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Scripture Reading: 1 Corinthians 11:17-22
When You Come Together as a Church
1. Acceptable worship must be in spirit and truth, Jno. 4:23-24.
2. Worship is uniquely individual, yet the Lord has arranged the local church to provide fellowship in worship that produces edification as a benefit of our gathered worship, Psa. 146:1-2; 122:1; Acts 2:42; 1 Cor. 14:26; Heb. 10:24-25.
3. The question arises: May (should) Christians eat the Lord’s Supper (LS) when we cannot assemble together. (I was asked to teach on this topic due to its relevance. I appreciate the desire to study this together, 2 Tim. 2:15 (Acts 17:11).
4. Like every other question, we ask “What does the Scripture say?” Col. 3:17; 2 Tim. 1:13
I. UNDERSTANDING THE ISSUE.
A. What is not in Question.
1. Whether Christians should worship on the first day of the week, Acts 20:7; 1 Cor. 16:2.
2. Whether or not Christians should eat the LS, 1 Cor. 11:24-26.
3. When Christians should eat the LS, Acts 20:7.
4. Why Christians eat the LS, 1 Cor. 11:24-26.
B. The Question is:
1. Has God specified the setting in which we eat the LS?
2. When Christians are hindered from attending the worship assembly are they expected to eat the LS?
a. Answering “yes” spawned taking the LS to Christians in hospitals, nursing homes, etc.
b. Answering “yes” implies a sacramental quality to the LS.
II. ESTABLISHING AND APPLYING BIBLE AUTHORITY.
A. Clear Authority to Eat LS when the Church Comes Together.
1. The Corinthian church assembled to eat the LS, 1 Cor. 11:17-34.
a. Come together (17)… as a church (18)… in one place to eat (20, 21-22)… to eat (33)… not for judgment (34).
b. In the assembly, each Christian responsible to eat (24-26) and to examine his manner of eating (27-32).
2. The Troas church “came together” on the first day to eat LS, Acts 20:7.
-Occurred after Paul wrote 1 Corinthians; Paul practiced what he preached, Acts 20:6 (16).
B. By What Authority Shall Christians Eat the LS Outside the Assembly of the Church? Matt. 21:23; 1 Ths. 5:21; Col. 3:17
1. First, remember the issue is not whether we should eat, but whether we have authority to do so outside the assembly.
2. Using Matthew 18:20: “Two or three gathered…Christ is there.”
a. Immediate context: Apostolic authority practiced on earth, 18:18-20 (16:19). [See Acts 1:21-26 for an illustration.]
b. Applied context: How to address unrepentant sin, 18:15-17.
c. Broader context: When heaven’s authority is revealed by apostolic teaching, Christ is present (Jno. 14:23). cf. 1 Cor.5:4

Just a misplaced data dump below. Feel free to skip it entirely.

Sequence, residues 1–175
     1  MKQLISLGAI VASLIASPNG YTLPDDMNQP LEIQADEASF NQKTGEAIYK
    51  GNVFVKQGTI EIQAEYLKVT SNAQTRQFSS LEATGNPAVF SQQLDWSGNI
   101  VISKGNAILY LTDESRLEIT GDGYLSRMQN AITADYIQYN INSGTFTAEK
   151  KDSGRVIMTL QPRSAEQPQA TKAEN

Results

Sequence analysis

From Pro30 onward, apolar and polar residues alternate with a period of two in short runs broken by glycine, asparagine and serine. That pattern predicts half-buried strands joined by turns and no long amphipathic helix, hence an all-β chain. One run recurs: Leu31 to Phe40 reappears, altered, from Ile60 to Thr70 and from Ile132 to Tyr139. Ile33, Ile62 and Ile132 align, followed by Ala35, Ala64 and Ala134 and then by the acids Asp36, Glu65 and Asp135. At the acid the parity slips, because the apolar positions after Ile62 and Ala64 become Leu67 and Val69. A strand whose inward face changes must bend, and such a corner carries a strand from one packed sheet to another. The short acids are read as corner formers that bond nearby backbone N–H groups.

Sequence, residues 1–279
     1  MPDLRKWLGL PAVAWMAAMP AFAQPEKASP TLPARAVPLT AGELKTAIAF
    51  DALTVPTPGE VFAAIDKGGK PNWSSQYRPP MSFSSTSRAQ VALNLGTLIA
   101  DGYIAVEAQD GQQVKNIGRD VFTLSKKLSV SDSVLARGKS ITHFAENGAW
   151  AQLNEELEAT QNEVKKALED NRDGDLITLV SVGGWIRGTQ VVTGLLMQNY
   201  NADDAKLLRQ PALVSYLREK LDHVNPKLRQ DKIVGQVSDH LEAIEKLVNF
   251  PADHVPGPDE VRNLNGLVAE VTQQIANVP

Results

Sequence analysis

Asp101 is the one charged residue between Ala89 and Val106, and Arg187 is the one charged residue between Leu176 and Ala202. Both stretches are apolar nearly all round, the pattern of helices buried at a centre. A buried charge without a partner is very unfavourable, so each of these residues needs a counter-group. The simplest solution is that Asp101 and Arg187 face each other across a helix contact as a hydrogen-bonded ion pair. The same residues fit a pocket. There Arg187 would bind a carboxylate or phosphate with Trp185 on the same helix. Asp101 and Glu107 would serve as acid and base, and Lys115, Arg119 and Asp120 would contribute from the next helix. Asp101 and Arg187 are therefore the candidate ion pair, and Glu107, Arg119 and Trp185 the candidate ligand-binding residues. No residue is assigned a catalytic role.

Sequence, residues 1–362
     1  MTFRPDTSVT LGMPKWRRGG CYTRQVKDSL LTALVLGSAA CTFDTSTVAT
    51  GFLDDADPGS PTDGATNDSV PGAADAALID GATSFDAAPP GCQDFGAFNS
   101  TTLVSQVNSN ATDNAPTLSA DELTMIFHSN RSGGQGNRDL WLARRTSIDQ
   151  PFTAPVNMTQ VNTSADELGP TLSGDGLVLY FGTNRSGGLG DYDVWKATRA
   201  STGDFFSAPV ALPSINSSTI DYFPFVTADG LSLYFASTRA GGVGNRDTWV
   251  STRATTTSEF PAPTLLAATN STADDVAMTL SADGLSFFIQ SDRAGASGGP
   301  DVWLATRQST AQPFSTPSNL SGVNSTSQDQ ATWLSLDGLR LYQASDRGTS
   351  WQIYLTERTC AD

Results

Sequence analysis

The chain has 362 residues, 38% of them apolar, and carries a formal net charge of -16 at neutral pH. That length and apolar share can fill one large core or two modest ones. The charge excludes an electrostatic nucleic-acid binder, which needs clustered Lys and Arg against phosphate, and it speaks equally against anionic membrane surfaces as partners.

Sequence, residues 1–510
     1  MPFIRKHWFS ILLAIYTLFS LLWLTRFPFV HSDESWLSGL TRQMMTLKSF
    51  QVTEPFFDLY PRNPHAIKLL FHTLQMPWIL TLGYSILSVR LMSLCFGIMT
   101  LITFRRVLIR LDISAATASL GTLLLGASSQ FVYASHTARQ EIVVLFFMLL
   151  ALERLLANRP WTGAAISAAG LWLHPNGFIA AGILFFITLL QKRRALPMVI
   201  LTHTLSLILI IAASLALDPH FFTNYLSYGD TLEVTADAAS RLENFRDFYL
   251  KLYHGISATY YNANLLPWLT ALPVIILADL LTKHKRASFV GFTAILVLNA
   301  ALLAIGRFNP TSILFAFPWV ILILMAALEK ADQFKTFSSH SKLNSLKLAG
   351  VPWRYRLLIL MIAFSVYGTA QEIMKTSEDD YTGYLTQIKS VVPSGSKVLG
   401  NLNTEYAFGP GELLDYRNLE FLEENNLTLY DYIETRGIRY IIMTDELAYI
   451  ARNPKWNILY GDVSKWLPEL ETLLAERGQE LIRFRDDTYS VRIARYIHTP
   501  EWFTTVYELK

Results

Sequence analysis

d. Using Matt. 18:20 to approve out of assembly LS proves too much:
1) Is Jesus absent when there is only one Christian? Of course not, because Jesus is always present!
2) Would sanction whatever 2-3 Christians agree upon.
e. The verse speaks of the agreement of apostolic authority with Christ; not whatever 2-3 of us agree together to do.
III. UNINTENDED CONSEQUENCES.
-These are not being suggested by anyone here. However, the logical extension of the practice warrants caution since some have advanced to these or similar conclusions.
1. Assembling together for worship ultimately becomes optional and unnecessary, or at least, a secondary consideration, Heb. 10:24-25.
2. Assembled worship is subordinated to convenience: “Lakeside” Church of Christ; “Hunting Lodge” Church of Christ; “Airport” Church of Christ.
3. We imply that 2-3 gathering together constitute the church (it does not), Matt. 18:16-17. (In the very context used to support the practice of at home LS a clear difference is made between individual action and collective action.)
4. We are compelled to arrange the LS for everyone who did not attend the assembly. If not, why not? Is it a matter of opinion, or revealed faith?
5. We will be compelled to treat every other worship activity approved for the church assembly in the same way (sing, pray, teach and give). (Into what treasury does one give when not in the assembly?)
1. We stand on solid ground of truth when we eat LS when the church comes together in one place (1 Cor. 11:20).
2. Let us hold fast this pattern of sound words, carefully following the apostles’ doctrine (2 Tim. 1:13; 3:10).
By: Joe R. Price
Posted: March 20, 2014